Common stereotypes about Mexico’s macho culture might lead us to expect that the legal landscape for gay rights in Mexico would be far less egalitarian than in the United States. Major theories of comparative politics about the influence of social movements, religion, and the left would also predict more equal legal treatment of sexual minorities in the United States than in Mexico. Yet, our review of important gay rights legislation in the two countries shows the opposite. Mexico abolished most discriminatory legal distinctions based on sexual orientation long before the United States. Mexico decriminalised sodomy in 1871, more than 100 years before the US Supreme Court overturned anti-sodomy laws in 2003. The lone legal discriminatory point in Mexican law was a double penalty for corruption of a minor if it involved homosexuality. This provision was changed in 1998. The United States has no national antidiscrimination laws to protect LGBT people.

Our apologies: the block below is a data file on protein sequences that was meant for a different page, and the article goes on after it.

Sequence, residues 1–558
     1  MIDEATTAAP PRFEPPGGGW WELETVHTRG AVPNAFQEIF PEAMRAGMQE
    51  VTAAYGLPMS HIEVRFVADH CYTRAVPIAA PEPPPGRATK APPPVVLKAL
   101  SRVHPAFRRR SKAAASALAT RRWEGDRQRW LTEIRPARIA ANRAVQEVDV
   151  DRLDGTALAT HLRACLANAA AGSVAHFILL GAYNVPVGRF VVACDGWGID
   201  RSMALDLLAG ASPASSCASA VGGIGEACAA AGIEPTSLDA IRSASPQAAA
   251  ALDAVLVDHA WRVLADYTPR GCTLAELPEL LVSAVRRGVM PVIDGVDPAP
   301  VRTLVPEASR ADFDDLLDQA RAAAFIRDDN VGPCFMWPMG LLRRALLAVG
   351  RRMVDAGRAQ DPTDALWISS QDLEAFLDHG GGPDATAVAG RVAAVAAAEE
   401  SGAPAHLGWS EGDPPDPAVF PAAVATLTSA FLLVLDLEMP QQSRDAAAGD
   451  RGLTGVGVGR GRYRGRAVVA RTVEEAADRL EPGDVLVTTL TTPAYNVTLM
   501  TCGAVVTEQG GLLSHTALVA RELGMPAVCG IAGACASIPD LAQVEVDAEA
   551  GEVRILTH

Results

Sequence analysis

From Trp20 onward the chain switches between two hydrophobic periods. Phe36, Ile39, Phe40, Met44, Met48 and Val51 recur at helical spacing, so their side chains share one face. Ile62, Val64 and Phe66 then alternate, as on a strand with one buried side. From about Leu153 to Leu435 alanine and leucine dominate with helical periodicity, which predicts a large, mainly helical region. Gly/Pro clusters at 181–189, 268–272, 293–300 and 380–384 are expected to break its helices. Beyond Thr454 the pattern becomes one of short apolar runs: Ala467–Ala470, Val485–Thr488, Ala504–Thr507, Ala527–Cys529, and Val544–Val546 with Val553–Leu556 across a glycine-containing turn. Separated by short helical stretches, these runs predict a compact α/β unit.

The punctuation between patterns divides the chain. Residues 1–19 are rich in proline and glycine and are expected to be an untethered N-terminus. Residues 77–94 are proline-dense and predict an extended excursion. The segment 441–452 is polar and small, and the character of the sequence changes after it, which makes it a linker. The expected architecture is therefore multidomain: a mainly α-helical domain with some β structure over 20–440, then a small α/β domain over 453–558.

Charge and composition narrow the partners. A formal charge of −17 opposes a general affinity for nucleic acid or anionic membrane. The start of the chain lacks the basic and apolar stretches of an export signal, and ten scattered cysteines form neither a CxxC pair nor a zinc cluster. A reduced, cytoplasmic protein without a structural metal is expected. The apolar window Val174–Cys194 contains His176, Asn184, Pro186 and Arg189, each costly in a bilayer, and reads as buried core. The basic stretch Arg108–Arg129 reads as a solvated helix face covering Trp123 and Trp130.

April 26 / World Economic Forum